Manypenny Commission`s Agreement with the Sioux 1876

The international agreement includes the obligation to make amends in an appropriate form. »). The United States is obliged to return the Sioux nation to the state it was in before its flagrant violation of the 1868 Treaty. See Boyle, 7 St. Thomas L. Rev 723, 733. This means returning the Black Hills to their rightful owners and paying damages for all the natural resources the United States has taken from Sioux lands. This awareness is important because the United States has often acted with selfish duplicity toward Native Americans; They treated Indians as states when it served their purposes, and on the other hand declared them states when statehood and all the legal rights and obligations that international law grants to states would thwart their intentions. However, it is important to note that in international law, recognition as a State is not a prerequisite for the establishment of a State. See [1936] 2 Annuaire de rinstirut de Droit Int`l 300 (“The existence of a new State with all the legal consequences associated with that existence shall not be affected by the refusal of recognition by one or more States.”). Recognition is simply declaratory. Therefore, the fact that the United States may refuse to formally recognize the Sioux Nation as an independent and sovereign state does not change the fact of its existence; nor does it change the historical facts that justify the Treatment of the Sioux Nation by the United States as an independent and sovereign state.

[ Footnote 17 ] See United States v. Tillamooks, 341 United States 48, 49 (1951) (recognizing that the “traditional rule” is that no interest is granted on claims against the United States, unless there is an express provision to the contrary in law, and that the “only exception arises when the withdrawal entitles the plaintiff to equitable compensation under the Fifth Amendment”). In United States v. Klamath Indians, 304 U.S. 119, 123 (1938), the Court noted: “The established rule is that the withdrawal of property by the United States in the exercise of its power over the eminent domain involves a promise to pay fair compensation, that is, value at the time of withdrawal plus an amount sufficient to produce the total equivalent of that value paid at the same time as the withdrawal.” The Court of Claims also noted that following the decision of the Indian Claims Commission, Congress passed an amendment to Section 25 U.S.C. 70a, which generally states that government expenditures “for food, rations or provisions shall not be considered as payments for the claim.” Law of 27 October 1974, 2, 88 Stat. 1499. Thus, the government would no longer have the right to compensate for a judgment finally rendered to the Sioux on the basis of their subsistence funding [448 U.S. 371, 388] in the years following the passage of the 1877 Act.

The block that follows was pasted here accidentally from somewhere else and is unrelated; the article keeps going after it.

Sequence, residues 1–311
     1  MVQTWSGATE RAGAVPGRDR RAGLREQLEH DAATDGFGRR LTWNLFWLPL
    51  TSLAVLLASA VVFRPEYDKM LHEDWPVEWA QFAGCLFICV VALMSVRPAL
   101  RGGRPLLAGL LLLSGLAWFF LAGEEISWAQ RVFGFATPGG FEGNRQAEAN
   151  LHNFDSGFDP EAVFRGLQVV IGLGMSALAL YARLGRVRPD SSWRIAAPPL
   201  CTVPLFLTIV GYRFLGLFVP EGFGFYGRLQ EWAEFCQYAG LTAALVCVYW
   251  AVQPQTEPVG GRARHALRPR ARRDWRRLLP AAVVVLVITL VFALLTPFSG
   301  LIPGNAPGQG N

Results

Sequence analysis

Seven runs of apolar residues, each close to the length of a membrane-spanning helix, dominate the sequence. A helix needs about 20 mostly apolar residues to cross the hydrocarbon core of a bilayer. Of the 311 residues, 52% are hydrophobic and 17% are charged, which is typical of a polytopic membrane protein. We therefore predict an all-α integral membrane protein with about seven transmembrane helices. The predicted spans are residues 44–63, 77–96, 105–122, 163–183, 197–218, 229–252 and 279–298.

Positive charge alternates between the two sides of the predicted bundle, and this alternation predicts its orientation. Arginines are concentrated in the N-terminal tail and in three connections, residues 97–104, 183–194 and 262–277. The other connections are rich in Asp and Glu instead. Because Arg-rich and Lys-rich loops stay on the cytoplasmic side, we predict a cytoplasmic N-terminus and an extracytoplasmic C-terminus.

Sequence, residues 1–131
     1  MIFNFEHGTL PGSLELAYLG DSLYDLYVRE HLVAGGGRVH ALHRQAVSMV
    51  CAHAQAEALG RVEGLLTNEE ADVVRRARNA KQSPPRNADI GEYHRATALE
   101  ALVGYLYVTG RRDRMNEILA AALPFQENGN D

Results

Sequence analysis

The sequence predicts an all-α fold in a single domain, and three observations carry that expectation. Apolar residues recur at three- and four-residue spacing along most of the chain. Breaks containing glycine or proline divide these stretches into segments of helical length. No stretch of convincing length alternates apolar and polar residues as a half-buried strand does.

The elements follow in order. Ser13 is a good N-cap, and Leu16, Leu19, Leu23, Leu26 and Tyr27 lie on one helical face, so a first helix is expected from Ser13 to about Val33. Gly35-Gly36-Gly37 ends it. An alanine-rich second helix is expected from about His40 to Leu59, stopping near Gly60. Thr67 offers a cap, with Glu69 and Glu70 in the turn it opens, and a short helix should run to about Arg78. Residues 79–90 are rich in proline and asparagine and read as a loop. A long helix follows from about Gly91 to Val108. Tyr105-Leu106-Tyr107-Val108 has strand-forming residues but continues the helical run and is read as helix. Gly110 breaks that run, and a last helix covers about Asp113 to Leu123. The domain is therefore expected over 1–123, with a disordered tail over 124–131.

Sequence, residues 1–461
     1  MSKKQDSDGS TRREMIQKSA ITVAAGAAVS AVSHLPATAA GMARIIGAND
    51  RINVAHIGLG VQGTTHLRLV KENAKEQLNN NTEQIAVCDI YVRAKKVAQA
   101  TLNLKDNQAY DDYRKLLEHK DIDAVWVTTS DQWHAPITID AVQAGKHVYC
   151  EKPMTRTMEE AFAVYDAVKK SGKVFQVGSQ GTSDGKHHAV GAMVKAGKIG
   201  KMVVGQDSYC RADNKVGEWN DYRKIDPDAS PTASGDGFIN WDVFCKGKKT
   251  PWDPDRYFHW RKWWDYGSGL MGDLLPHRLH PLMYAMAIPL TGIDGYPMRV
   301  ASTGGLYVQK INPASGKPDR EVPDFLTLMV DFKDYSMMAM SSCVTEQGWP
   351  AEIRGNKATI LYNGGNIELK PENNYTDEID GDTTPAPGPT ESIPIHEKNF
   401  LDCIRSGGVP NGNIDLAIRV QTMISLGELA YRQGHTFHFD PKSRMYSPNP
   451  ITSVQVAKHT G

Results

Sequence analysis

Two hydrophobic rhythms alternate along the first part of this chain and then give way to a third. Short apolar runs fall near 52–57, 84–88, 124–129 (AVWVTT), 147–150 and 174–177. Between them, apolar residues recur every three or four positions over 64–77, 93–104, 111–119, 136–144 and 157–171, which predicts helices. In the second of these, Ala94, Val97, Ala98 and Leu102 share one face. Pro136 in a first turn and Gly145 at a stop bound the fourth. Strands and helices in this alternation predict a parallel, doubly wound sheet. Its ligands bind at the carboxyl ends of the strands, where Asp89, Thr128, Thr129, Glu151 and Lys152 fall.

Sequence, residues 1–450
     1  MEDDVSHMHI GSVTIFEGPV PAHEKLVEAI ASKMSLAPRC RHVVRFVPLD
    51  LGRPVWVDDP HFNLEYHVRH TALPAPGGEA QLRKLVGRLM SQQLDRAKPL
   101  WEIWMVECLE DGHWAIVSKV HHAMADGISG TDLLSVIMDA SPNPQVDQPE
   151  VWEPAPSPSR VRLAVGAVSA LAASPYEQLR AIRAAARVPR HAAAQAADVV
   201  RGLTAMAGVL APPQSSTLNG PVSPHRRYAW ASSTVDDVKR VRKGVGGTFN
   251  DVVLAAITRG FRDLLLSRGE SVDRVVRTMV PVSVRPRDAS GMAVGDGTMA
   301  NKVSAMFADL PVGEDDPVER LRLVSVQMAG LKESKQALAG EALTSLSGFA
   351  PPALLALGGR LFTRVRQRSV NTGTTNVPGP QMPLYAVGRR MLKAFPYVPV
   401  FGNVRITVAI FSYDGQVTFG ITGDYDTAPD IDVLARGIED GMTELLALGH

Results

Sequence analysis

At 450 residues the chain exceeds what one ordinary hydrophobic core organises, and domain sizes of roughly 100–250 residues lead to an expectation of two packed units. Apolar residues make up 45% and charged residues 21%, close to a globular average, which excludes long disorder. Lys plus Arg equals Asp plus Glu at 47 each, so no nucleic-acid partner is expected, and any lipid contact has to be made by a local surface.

207 Ct. Cl., at 240, 518 F.2d, at 1301. See paragraph 16, loc. cit. With the withdrawal of the army from its role in enforcing the Treaty of Fort Laramie, the influx of settlers into the Black Hills increased. The administration concluded that the only practical way was to guarantee the right of U.S. citizens to mine the Black Hills for gold. To this end [448 U.S. 371, 379], the Secretary of the Interior appointed a commission in the spring of 1875 to negotiate with the Sioux.

The commission was chaired by William B. Allison. Sioux tribal leaders were aware of the mineral value of the Black Hills and refused to sell the land for less than $70 million. The commission offered the Indians an annual rent of $400,000, or a payment of $6 million, for the absolute abandonment of the Black Hills. The negotiations failed. 9 “Congress resolved this impasse by amending the 1876 `Convention` as an Act of 28 February 1877 (Act of 1877), 19 Stat. 254. The act had the effect of repealing the earlier treaty of Fort Laramie and implementing the terms of the Manypenny Commission`s “agreement” with the Sioux rulers, [hello footnote 14, the court noted], [i]t changed the boundaries of the Great Sioux Reserve by about 900,000 acres of land … during the cut [country] .

. . including the Black Hills, an area of more than 7 million hectares. In return, the government reaffirmed its commitment to provide and provide [subsistence and other agricultural materials] all pensions required by the Treaty of Fort Laramie. However, the provision of rations was linked to the school attendance of [Sioux] children and the work of those who lived on land suitable for agriculture. On July 20, 1867, both houses of Congress authorized a new commission to negotiate peace in the West. The Commission should eliminate the causes of the war while protecting the border colonies and guaranteeing rights of way for the transcontinental railway. The Peace Commission soon learned that a condition of peace with the Sioux was the expulsion of white settlers and soldiers from Sioux territory. Id. at 46-47.

The Sioux wanted to protect their territorial sovereignty and integrity from the invasion of white civilization. Although directly opposed to the hopes of the white expansionists and the war-hungry army, the peace commissioners returned to Sioux land in April 1868 with a draft treaty that gave everything Red Cloud and the other hostile Sioux had demanded. .

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